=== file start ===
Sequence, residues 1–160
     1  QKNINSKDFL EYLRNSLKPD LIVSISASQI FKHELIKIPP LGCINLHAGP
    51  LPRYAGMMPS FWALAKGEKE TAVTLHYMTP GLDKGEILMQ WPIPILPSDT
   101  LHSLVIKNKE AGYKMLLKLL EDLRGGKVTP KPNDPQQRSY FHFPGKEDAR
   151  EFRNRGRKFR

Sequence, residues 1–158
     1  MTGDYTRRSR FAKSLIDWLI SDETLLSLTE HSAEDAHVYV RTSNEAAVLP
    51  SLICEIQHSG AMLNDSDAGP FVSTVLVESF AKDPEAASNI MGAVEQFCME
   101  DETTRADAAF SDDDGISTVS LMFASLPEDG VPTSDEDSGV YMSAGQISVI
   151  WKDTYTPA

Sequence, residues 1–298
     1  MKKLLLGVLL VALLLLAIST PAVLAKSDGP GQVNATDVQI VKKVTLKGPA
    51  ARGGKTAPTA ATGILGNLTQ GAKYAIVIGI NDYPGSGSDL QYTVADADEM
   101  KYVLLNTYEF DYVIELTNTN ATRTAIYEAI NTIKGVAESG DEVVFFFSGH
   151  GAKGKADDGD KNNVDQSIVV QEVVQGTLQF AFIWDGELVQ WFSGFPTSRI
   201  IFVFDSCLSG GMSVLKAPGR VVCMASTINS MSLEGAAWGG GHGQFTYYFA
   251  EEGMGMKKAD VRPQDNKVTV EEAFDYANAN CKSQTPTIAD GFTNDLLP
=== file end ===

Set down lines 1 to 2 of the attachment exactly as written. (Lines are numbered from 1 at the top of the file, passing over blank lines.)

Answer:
Sequence, residues 1–160
     1  QKNINSKDFL EYLRNSLKPD LIVSISASQI FKHELIKIPP LGCINLHAGP